december 04, 2005

Order restored

Captain Silfverbrandt lay very pale, huddled into one corner of the bed. “Did you see him?” he asked.

“No”, said the housekeeper, as she always would. It was not right to admit one had ever seen the house troll. He wasn’t supposed to approve.

“It was the Old Father”, said the Captain. “He left just as you came in,,l He had been here, and diced with me. “

The housekeeper just stood and started at the lord of the manor.

“The Old Father isn’t very happy with me” said the Captain, “He would prefer that my brother took over the estate. Perhaps the servants would prefer this too.”

The Captain looked far beyond her as he said this. The old woman did not know how to reply. He continued, sounding almost calm.

“Well, I got old Duwe out of the estate in the end. I had thought I would thank the Old Father for his help by restoring the estate the way he wants it, but he doesn’t really trust me. He makes the strangest bets ... He’s worse than Duwe, you know.”

The housekeeper began to tremble and mutter as she had in the night “Lord preserve us!”

“Don’t stand there faffing around, woman” said Silfverbrandt. “Get a move on and bring me my uniform. Make sure it’s sparkling clean, with all the buttons polished and the facings shining. I want boots I can see my face in. Then bring my charger, in his best harness. The mane must be combed out; the stirrups must glitter, and the reins be polished.”

The housekeeper watched him, astonished, for a moment. Then she left, and returned almost at once with his dress uniform. On an estate like Töreby there was no question but that everything was kept up with spit and polish.

So Captain Silfverbrandt arose, and put on his blue uniform, with a three cornered hat, hung his sabre by his side, and drew on his long stiff gauntlets. He marched out onto the porch and mounted his charger, which was waiting, saddled and bridled, at his door.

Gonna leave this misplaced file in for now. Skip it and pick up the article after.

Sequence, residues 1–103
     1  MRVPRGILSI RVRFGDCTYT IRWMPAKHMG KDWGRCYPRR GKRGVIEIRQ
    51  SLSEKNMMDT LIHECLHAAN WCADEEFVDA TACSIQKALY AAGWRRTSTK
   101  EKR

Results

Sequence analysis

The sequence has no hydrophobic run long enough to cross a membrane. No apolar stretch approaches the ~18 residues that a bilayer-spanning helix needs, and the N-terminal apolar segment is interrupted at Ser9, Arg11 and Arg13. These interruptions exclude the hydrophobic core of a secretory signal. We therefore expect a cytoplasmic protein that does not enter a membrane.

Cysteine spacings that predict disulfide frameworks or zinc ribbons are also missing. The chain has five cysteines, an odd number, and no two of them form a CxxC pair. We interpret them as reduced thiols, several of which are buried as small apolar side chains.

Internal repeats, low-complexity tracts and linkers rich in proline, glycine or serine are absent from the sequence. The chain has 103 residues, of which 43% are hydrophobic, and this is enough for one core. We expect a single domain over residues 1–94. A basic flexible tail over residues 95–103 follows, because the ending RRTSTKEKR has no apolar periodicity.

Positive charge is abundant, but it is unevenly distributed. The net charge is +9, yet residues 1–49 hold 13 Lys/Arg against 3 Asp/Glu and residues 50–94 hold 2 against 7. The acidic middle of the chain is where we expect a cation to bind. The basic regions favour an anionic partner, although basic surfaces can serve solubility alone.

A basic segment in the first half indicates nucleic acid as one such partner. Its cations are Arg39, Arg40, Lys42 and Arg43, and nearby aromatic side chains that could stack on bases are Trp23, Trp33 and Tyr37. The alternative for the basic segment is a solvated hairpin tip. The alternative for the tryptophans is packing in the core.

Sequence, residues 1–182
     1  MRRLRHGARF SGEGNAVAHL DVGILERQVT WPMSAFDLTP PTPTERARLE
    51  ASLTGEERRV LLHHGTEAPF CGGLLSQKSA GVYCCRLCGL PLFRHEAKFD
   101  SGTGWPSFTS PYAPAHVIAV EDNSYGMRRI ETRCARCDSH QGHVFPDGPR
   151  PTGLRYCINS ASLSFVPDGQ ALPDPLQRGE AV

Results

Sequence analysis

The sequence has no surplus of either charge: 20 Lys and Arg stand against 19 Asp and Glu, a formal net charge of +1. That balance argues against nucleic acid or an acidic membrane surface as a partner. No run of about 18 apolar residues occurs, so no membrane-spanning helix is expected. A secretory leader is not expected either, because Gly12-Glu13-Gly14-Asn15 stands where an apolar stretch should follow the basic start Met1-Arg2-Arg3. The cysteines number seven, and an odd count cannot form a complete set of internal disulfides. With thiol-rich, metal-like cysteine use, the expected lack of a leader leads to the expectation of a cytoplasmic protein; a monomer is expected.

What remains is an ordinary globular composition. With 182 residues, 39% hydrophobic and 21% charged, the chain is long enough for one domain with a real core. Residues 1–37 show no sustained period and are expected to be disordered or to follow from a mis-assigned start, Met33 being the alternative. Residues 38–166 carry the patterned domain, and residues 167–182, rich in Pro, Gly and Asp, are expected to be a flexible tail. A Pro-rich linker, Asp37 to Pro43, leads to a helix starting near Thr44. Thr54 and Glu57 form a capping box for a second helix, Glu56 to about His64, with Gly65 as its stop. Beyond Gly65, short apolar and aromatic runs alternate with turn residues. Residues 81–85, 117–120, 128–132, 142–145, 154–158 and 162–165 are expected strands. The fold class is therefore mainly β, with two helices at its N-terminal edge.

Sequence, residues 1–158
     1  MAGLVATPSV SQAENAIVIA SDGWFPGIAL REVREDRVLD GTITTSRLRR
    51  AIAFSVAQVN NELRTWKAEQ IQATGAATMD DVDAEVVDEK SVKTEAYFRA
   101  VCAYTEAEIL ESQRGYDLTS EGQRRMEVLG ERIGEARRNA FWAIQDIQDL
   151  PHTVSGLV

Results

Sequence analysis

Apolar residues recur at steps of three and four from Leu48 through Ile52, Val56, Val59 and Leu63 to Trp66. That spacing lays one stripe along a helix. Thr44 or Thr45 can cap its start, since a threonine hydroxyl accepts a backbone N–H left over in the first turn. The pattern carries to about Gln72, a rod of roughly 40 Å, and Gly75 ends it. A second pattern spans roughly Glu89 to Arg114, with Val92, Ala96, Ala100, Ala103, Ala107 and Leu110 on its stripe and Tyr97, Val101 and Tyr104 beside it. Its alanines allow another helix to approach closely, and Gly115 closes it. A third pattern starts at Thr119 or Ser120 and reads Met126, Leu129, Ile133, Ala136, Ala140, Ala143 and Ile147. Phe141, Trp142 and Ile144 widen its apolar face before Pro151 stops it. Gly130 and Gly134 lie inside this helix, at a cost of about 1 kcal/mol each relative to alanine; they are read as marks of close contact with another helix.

Twice round the manor house he rode; and then he turned away, down to the lake, where, even in those days, the long jetty for washing clothes stretched out into the depths. He made such a splendid sight that all the servants came out to watch. Only the coachman and the housekeeper saw – but they saw it clearly – that the house troll leaned out of the hayloft and watched the lord of the manor ride.

When the Captain reached the shore of the lake, he turned out onto the long jetty. He sat as straight and proud as any captain of the hussars, and his charger walked with light, dancing steps. When they had ridden right to the end of the jetty, there was a brief disagreement between horse and rider. The horse wanted to turn, but captain Silfverbrandt used willpower, whip and spurs. The horse gave one huge jump into the water.

Everyone who had been watching from the yard came rushing down to the shore. But when they reached it, both horse and rider had disappeared. They had gone straight to the bottom, and never returned to the surface.

The young men took boats and rowed out across the lake. They all talked at once. Everyone knew what had to be done, though no one agreed with his neighbour. Only the old housekeeper kept her peace. “Nothing will help” she said quietly. “It is the house troll. The captain lost his life in the game they played this morning, as the stake for the help he had last night.”

When the men of the estate returned from the lake, shocked and frightened, the house troll made himself visible to everyone, where he stood in the opening to the hay loft, a little grey man waving his bright red cap in triumph. He knew now that sobriety, and discipline would return to Töreby.

Posted by andrewb at december 4, 2005 09:26 EM